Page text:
Ethan Shone 24th October 2018
There’s no real way of impressing upon someone who has never had one, the bond between person and pet. Truly, to know the love of a pet is to know true love. Be it dog, horse, cat or other, the bonds we form with our animal companions are often as strong as — if not stronger than — those we do with other humans.
For most pet owners, the thought of losing an animal is unbearable. Sadly, it’s also part of the experience. Most animals live much shorter lives than humans, so owners inevitably live to see their beloved companion succumb to illness, injury or old age. Parting with a pet in this way is doubtless painful, but manageable. Somewhere, deep down, we know that the day will come and, as long as we have the opportunity to say goodbye, we are prepared.
But what happens when we don’t get this closure? What happens when a pet is taken and we don’t know where they are, what has happened to them or even if they’re still alive? Do the microchips we’re legally obliged to have fitted into our animals mean that we’re near-instantly reunited? Does law enforcement instantly kick into action and bring our furry loved ones home? Do those responsible receive the appropriate punishment for what is, in many cases, akin to the kidnapping of a family member?
Every year, hundreds upon thousands of pet owners experience this nightmare scenario and are dismayed by the answers to these questions.
On the rise
Though figures are difficult to be certain of due to discrepancies in the way that data is recorded, pet theft is on the rise. According to analysis by Direct Line Pet Insurance, dog theft has risen by 22% in the last three years, with an average of five dogs being stolen every day in 2017. Mostly, the dogs targeted are small or toy breeds, but in recent years there’s been a noticeable rise in the theft of a few larger breeds, like Huskies and Labradors.
Cat theft is also on the rise, having increased by 40% in just two years. Though police figures suggest that the numbers involved are less significant than that of dogs — 261 cats were reported stolen in 2016 — Direct Line’s analysis shows that as many as 360,000 individuals believe they had a cat stolen, last year.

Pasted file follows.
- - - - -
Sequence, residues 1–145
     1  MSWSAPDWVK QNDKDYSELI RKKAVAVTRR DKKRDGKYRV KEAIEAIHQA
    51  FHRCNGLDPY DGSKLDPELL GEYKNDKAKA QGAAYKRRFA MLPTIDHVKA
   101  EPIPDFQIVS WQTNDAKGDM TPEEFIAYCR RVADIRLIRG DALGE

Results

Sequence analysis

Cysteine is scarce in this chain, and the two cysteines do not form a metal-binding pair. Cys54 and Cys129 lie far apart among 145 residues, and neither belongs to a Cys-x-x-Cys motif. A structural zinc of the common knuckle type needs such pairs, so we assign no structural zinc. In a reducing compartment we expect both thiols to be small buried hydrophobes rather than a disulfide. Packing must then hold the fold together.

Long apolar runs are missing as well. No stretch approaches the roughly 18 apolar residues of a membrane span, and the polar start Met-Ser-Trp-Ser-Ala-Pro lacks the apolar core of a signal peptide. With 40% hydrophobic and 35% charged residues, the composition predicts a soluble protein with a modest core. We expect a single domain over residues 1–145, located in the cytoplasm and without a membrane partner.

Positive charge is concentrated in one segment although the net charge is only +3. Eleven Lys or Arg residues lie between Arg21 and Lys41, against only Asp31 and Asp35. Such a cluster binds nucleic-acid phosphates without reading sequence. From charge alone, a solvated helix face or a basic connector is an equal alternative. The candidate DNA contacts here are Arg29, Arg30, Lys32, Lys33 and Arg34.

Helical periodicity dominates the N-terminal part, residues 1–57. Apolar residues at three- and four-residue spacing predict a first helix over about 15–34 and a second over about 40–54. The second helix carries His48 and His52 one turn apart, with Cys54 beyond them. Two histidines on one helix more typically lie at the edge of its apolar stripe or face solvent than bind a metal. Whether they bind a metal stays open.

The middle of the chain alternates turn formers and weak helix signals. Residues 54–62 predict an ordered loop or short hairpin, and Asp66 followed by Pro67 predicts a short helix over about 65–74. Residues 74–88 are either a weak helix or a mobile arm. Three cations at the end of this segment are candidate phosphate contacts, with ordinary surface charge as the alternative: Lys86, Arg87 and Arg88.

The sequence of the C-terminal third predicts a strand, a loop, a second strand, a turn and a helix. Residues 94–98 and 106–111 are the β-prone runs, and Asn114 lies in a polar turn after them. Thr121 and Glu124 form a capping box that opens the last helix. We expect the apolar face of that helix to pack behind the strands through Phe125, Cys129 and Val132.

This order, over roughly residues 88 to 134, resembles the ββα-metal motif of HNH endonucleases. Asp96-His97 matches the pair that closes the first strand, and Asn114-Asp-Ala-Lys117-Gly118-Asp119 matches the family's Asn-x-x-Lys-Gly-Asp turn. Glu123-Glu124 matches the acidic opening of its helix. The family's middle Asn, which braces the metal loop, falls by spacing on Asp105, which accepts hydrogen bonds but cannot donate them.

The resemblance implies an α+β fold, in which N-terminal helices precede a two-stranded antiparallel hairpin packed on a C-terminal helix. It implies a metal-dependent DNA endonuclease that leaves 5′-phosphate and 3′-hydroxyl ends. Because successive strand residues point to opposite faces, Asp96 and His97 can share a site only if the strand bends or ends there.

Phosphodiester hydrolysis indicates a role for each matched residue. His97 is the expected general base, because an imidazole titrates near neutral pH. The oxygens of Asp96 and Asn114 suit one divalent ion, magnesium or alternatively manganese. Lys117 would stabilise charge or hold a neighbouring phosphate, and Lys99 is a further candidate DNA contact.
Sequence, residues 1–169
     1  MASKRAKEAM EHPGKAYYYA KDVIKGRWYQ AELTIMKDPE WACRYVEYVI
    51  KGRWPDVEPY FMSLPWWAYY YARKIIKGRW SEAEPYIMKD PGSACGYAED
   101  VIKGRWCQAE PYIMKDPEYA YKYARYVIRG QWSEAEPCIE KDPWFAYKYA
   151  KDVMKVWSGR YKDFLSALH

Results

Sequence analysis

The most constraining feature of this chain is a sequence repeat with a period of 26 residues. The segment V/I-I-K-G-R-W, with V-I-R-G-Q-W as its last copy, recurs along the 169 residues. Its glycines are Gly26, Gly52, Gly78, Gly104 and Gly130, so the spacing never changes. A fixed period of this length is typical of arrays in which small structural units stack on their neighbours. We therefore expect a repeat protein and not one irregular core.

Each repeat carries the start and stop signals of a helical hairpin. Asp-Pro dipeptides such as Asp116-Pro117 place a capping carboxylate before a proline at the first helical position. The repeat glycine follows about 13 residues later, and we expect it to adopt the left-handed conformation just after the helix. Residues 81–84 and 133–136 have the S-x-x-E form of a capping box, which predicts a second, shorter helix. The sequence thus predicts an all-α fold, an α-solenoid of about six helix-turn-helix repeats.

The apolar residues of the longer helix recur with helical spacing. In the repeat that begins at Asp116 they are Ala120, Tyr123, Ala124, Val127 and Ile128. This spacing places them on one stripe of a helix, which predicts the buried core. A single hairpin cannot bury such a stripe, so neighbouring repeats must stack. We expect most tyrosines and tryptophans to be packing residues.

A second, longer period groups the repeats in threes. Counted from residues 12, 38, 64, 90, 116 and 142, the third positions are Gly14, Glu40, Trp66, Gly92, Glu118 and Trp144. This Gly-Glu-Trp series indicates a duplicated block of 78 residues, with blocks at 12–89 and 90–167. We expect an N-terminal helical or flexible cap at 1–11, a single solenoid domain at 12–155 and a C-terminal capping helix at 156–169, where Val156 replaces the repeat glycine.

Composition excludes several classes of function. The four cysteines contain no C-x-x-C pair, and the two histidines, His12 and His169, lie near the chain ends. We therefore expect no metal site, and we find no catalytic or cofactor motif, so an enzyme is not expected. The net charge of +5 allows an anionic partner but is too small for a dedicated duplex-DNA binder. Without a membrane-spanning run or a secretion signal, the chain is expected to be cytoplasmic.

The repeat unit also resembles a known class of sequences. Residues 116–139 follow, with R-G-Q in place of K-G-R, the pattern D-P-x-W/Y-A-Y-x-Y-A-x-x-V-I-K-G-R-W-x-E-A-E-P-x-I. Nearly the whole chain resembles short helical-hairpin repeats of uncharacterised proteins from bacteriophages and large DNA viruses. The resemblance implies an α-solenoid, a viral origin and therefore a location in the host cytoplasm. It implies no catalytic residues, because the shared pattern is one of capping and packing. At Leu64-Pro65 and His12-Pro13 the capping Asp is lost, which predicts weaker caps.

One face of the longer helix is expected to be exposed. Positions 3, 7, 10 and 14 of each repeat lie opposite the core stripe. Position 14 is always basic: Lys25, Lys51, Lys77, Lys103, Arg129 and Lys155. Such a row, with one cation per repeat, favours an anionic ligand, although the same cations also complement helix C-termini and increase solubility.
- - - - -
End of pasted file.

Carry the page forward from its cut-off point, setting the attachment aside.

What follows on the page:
The figures are patchy, but one thing is relatively certain: very few animals that are stolen or lost are reunited with owners. As few as 20% of dogs and 18% of cats ever make it home.
Toni was pottering around her rural Norfolk home one morning, her handful of Siamese cats never far from sight. A van pulled into the driveway to deliver a parcel, and stayed there for some time. It wasn’t long afterwards that Toni noticed that one of her treasured cats, Clooney, was missing.
Clooney was more-or-less a house cat; a big modern Siamese with especially eye-catching features, who spent most of his days lounging around the house or cuddled up in a basket with his sister. He’d been neutered — Toni is quick to say she’s not a breeder and her pets are not products — but, it can be difficult to tell from a distance. Toni had always been concerned that given his striking features and the value of Siamese cats, Clooney might be a target of pet theft for the purpose of breeding.
“It always worried me. He was a big boy. Very striking, very angular face. He was everything you’d probably want in a Siamese to breed.”
Though the thought crossed her mind, Toni began by ticking off the other possibilities first.
In the days and weeks following his disappearance, Toni walked for miles looking for Clooney. She printed off and put up dozens of posters, and slipped leaflets through letterboxes within an ever-increasing radius. With the other options exhausted, the only remaining explanation was that the courier driver had taken Clooney.
Toni contacted the courier company multiple times, and after a complicated and drawn-out process was basically told, “The driver says he didn’t do it, so that’s that.” Having had further run-ins with the same driver, and based on a number of factors, Toni believes that this driver took her beloved feline. But, options for recourse are almost non-existent.
I don’t care about the money. I want my animal back
The police, according to Toni, were of only a little more help than the courier company.